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Deputy PM Barnaby Joyce now has a big problem at the looming election

National Party leader and deputy prime minister Barnaby Joyce. Photo: Stefan Postles/Getty Images

The 2016 federal election just got interesting for voters in the NSW rural seat of New England, where the new Nationals leader and deputy prime minister, Barnaby Joyce, is the local MP.

Joyce won the northern tablelands seat, based around the country music capital of Tamworth, at the 2013 election as independent MP Tony Windsor retired after 12 years.

This morning Windsor returned to Canberra to confirm he will stand at the upcoming election, which could be as soon as July 2, against Joyce.

His decision reignites a long-running political feud between the two men. Windsor famously backed Julia Gillard over Tony Abbott in the 2010 election, allowing Labor to form government. The 65-year-old stood down, citing health and family reasons, at the last election after more than 22 years in state and federal politics.

He started his political career as a Nationals candidate for the state seat of Tamworth, was disendorsed on the day of the preselection, but went on to win the seat as an independent. In 2001, he moved to federal politics and ended nearly 80 years of National Party rule in New England.

At the 2010 election, Windsor won nearly 62% of the primary vote with a two-party preferred vote of 71.5%.

Joyce was a senator in Queensland at the time and subsequently made the shift to the lower house as part of his recently achieved ambition to become the Nationals leader. He won the seat in 2013 with a 29% swing in the primary vote to 54.2% for the Nationals, finishing with a two-party preferred.

At this morning’s media conference announcing his intention to stand, Windsor he’d “feel bad if he didn’t do this”.

He cited mining on the Liverpool Plains, where the Chinese-owned company Shenhua Watermark wants to open a coal mine, and the use of groundwater by miners among his top concerns, along with the NBN, climate change and the Gonski education funding.

“Somebody’s got to stand up on these issues,” he said. “Barnaby Joyce is one of those people in this building not standing up for the future.”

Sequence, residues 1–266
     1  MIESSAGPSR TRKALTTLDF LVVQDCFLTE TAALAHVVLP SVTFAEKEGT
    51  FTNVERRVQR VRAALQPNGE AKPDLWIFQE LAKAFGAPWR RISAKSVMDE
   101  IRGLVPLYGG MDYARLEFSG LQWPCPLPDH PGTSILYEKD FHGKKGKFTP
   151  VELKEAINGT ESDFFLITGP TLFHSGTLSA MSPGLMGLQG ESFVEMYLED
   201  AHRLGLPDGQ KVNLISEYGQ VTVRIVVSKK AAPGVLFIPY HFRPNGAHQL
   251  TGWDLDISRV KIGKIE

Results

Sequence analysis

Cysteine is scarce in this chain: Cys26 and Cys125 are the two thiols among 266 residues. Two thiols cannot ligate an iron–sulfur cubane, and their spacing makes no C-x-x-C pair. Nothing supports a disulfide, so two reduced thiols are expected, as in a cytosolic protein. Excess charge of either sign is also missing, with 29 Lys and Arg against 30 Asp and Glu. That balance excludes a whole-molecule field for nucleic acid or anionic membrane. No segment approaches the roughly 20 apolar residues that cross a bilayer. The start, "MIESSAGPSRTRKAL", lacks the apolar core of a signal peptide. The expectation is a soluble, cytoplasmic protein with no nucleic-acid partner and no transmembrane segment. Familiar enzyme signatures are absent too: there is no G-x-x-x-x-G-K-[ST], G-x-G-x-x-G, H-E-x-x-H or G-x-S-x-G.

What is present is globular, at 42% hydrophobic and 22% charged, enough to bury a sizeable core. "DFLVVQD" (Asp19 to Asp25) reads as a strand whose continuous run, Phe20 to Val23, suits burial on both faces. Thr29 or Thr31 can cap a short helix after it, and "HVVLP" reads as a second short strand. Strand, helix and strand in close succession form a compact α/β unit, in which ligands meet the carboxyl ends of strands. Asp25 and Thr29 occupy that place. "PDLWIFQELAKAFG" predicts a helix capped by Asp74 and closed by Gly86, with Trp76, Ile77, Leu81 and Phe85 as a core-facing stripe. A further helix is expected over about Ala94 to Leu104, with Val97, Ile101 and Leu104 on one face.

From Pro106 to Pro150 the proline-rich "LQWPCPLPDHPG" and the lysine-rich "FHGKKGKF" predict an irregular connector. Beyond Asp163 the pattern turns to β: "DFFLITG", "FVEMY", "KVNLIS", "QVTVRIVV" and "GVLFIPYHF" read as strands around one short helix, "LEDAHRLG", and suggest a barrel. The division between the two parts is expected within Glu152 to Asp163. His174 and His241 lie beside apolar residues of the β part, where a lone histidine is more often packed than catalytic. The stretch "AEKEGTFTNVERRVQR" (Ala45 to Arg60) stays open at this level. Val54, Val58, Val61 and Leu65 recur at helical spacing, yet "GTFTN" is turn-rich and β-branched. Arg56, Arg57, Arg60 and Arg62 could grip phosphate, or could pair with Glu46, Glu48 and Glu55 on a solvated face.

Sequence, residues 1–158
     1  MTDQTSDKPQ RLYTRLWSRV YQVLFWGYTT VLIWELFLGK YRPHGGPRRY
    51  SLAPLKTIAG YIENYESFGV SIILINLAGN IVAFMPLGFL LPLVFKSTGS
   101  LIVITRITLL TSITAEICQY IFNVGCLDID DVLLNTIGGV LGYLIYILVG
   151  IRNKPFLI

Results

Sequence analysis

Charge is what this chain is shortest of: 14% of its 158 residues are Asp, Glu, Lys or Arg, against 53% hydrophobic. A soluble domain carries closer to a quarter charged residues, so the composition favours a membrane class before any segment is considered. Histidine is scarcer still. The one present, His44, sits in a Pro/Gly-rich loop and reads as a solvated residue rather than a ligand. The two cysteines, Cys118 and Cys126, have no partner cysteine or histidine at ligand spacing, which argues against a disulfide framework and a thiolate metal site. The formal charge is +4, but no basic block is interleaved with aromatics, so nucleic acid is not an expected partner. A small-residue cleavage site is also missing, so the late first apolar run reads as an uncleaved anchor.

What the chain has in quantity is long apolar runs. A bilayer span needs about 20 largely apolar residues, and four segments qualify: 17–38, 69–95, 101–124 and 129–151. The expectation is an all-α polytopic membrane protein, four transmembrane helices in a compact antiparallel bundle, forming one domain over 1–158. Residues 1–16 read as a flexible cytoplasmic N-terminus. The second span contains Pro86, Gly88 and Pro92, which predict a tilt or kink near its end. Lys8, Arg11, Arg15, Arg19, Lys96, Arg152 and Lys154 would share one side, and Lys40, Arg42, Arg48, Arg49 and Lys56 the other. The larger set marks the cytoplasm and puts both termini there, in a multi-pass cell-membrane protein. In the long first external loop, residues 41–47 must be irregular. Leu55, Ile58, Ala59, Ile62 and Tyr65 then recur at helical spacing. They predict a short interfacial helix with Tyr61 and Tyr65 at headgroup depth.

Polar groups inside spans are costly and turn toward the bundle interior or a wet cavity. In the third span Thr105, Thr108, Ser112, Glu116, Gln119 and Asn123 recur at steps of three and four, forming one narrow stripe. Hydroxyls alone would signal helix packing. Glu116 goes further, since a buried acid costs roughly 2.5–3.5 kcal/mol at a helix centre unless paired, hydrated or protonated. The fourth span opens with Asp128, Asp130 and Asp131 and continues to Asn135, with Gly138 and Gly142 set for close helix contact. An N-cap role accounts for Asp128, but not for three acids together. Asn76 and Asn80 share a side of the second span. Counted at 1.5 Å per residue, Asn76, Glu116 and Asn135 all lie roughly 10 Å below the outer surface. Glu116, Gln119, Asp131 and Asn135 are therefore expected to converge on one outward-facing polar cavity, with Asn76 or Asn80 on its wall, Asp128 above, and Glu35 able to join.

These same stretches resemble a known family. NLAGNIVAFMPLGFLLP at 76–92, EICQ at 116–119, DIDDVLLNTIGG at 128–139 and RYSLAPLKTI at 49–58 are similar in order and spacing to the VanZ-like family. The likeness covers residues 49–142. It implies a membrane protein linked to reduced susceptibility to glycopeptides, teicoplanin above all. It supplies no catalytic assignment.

Windsor said he wanted to give voters the chance to send a message to Canberra and “the political machines” about the current priorities.

“It’s not about sending Barnaby Joyce a message, it’s about winning the seat,” he said

“I’m fully aware it will be a David and Goliath event… and I’m looking forward to that.”

He dismissed suggestions that the seat was “conservative” saying “I know these people, very few are conservative in the sense of Abbott, Joyce and [Tasmanian senator Eric] Abetz.”

Barnaby Joyce pre-empted Windsor’s announcement with a media conference in Tamworth saying he relished the impending political fight.

“I’m ready to put my record on the line… I’ve been overwhelmed by the support I’ve got,” he said.

“We have the deputy prime minister’s office in New England, there’s a real strategic advantage to that.”

Windsor’s return to federal politics will nonetheless be a challenge for the Nationals leader, who holds the seat with a margin of around 19%. The Greens are also believed to be looking at running a high profile candidate. Mining on the Liverpool Plains, considered the state’s food bowl, is a heated and long-running issue in the electorate.

Polling in New England by the CFMEU suggested Windsor could garner around 38% of the primary vote, turning New England into a tight race, especially as the previously outspoken Joyce is expected to campaign as Nationals leader and stay in alignment with Coalition policy

But regional NSW has been volatile ground for the Nationals over the past quarter century, ever since Nationals leader Charles Blunt lost his far north coast seat of Richmond in 1990 following a scandal over postal allowances. A number of previously safe seats for the Nationals have been marginal ever since, often changing hands with a change of government.

This week, speculation has grown that Malcolm Turnbull will bring the federal Budget forward and announce an early election, as the gloss on the recently installed PM begins to wear off and the gap between Coalition and Labor under Bill Shorten continues to narrow in the polls.

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